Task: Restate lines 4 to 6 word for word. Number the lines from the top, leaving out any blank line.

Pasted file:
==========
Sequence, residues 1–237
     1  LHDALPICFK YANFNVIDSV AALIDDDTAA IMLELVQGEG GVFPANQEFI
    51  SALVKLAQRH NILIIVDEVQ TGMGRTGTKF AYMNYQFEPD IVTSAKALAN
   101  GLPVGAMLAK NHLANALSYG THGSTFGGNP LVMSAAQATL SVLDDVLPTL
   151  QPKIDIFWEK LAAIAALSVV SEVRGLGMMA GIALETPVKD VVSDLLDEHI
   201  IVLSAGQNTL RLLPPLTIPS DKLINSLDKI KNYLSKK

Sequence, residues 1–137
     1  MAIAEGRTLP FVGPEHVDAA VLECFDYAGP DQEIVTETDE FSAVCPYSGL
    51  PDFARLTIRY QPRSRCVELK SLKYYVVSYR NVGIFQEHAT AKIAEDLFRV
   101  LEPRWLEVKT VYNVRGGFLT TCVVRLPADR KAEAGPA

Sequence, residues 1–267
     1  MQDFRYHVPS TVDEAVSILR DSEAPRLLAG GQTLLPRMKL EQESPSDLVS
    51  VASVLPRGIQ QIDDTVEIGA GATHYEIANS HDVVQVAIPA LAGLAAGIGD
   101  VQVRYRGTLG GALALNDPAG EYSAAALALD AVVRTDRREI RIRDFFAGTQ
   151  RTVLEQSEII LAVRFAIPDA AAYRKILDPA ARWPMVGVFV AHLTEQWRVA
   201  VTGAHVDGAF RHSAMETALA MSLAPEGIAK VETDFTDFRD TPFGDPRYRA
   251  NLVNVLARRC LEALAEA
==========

   101  GLPVGAMLAK NHLANALSYG THGSTFGGNP LVMSAAQATL SVLDDVLPTL
   151  QPKIDIFWEK LAAIAALSVV SEVRGLGMMA GIALETPVKD VVSDLLDEHI
   201  IVLSAGQNTL RLLPPLTIPS DKLINSLDKI KNYLSKK